No, no, no, they’re calling him a MISOGYNIST. According to the dictionary, “A misogynist is a person who dislikes, despises, or is strongly prejudiced against women. A woman-hater.”
“Misogynist” comes right after “racist” for the word most thrown around by clueless liberals desperately trying to discredit President Trump.
Take a look into the crowds of any one of these “spontaneous” protests (about as “spontaneous” as the “spontaneous” attack on our diplomatic compound in Benghazi, Libya) and you’ll see plenty of signs that have the word “misogynist” scrawled on them.
President Trump may be a lot of things, but a “woman-hater” would not be one of them in my estimation.
Emily Dreyfuss at WIRED/Business wrote an article titled: “WANT TO MAKE A LIE SEEM TRUE? SAY IT AGAIN. AND AGAIN. AND AGAIN.”
It’s kind of funny, because at the time, February of 2017, she was trying to make this case AGAINST President Trump, in some sort of effort to explain Hillary’s shocking loss. As time has gone on now, however, I feel her article makes a good case against liberals, democrats, and the biased mainstream media, in regards to President Trump.
According to Ms. Dreyfuss, “YOU ONLY USE 10 PERCENT OF YOUR BRAIN. Eating carrots improves your eyesight. Vitamin C cures the common cold, and Crime in the United States is at an all-time high.”
None of those things are true.
“But the facts don’t actually matter: People repeat them so often that you believe them. Welcome to the “illusory truth effect,” a glitch in the human psyche that equates repetition with truth. Marketers and politicians are masters of manipulating this particular cognitive bias, which perhaps you have become more familiar with lately.”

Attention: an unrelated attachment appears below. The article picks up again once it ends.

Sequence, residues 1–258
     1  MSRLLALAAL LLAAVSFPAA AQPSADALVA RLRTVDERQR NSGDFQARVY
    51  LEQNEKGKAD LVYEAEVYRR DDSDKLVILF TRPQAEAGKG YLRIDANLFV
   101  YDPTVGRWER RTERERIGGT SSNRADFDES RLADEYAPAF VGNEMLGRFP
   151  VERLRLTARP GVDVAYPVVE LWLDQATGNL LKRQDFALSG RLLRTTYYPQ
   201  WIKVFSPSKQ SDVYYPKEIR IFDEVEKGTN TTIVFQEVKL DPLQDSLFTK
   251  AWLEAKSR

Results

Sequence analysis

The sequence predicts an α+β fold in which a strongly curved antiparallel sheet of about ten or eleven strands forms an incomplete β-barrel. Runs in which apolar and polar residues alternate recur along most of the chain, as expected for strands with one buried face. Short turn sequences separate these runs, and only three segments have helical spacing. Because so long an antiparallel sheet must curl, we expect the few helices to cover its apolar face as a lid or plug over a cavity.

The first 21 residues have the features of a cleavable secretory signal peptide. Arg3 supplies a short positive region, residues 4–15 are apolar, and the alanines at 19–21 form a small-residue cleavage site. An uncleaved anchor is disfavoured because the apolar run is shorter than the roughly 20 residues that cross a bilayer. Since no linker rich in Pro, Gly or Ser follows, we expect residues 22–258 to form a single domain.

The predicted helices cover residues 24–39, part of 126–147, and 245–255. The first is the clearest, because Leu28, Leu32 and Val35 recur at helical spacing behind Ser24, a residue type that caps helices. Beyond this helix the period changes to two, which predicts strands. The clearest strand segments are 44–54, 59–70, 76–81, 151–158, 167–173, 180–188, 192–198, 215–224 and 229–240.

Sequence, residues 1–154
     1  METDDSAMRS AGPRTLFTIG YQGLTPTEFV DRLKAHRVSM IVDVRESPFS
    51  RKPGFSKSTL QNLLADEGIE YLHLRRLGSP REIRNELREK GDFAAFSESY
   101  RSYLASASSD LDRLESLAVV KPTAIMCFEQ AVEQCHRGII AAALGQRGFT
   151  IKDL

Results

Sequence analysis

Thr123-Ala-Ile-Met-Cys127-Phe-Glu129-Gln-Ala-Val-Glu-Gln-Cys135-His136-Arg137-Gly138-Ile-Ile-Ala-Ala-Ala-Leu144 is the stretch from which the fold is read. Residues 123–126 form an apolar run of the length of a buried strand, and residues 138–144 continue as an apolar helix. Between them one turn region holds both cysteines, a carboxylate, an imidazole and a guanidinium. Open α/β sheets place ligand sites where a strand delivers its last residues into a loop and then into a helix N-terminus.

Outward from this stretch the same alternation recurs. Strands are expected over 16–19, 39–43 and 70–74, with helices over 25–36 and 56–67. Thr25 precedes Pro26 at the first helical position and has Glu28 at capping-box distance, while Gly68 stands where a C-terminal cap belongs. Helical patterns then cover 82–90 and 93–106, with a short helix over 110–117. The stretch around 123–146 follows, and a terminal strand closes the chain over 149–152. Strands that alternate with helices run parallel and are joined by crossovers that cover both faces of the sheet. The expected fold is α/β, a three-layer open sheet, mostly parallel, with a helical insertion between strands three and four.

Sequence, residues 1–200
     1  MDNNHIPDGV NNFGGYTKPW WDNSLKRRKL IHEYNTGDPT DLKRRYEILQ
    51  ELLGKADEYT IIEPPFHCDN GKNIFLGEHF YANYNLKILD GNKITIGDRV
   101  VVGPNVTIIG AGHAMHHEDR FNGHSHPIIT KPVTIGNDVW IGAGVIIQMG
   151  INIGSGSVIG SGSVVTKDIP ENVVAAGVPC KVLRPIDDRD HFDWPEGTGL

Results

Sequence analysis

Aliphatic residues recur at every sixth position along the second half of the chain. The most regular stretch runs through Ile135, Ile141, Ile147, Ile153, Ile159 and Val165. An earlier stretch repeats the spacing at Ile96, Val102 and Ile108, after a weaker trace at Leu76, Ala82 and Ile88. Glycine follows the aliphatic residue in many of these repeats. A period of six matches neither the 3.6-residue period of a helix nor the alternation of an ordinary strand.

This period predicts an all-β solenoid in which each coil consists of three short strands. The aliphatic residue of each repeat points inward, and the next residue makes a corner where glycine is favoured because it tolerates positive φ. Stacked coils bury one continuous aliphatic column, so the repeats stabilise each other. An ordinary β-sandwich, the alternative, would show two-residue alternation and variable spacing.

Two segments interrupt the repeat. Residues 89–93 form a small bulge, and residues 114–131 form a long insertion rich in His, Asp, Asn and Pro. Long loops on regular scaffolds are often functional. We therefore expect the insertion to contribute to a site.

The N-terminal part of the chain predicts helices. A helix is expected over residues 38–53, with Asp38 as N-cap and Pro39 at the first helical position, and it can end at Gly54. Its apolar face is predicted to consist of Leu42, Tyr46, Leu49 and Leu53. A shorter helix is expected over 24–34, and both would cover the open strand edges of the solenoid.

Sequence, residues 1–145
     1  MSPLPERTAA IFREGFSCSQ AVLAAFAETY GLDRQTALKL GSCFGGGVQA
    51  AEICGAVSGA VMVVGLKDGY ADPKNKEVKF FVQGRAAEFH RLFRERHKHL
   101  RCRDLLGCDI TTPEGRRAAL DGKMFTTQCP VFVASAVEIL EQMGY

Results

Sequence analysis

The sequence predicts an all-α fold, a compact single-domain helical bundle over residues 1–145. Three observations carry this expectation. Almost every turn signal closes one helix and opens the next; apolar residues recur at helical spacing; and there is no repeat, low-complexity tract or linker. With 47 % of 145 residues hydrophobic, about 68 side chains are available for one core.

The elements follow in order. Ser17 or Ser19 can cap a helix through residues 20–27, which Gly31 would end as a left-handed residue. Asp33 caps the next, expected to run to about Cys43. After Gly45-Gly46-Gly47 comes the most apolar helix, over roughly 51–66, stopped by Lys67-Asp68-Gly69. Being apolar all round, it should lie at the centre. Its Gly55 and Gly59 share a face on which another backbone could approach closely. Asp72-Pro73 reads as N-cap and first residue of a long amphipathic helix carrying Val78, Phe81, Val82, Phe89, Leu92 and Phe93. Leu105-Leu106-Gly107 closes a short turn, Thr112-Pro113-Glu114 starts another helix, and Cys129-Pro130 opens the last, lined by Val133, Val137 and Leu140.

“So what’s going on here? ‘Repetition makes things seem more plausible,’ says Lynn Hasher, a psychologist at the University of Toronto whose research team first noticed the effect in the 1970s.”
“Repetition is what makes fake news work, too, as researchers at Central Washington University pointed out in a study way back in 2012 before the term was everywhere. It’s also a staple of political propaganda. It’s why flacks (publicity agents) feed politicians and CEOs sound bites that they can say over and over again. Not to go all Godwin’s Law on you, but even Adolf Hitler knew about the technique. ‘Slogans should be persistently repeated until the very last individual has come to grasp the idea,’ he wrote in ‘Mein Kampf.’ (his autobiography, when translated means “My Fight’).”
“The effect works because when people attempt to assess truth they rely on two things: whether the information jibes with their understanding, and whether it feels familiar. The first condition is logical: People compare new information with what they already know to be true and consider the credibility of both sources. But researchers have found that familiarity can ‘trump’ rationality, so much so, that hearing over and over again that a certain fact is wrong can have a paradoxical effect. It’s so familiar that it starts to feel right.”
“AS WITH ANY COGNITIVE BIAS, THE BEST WAY NOT TO FALL PREY TO IT IS TO KNOW IT EXISTS.”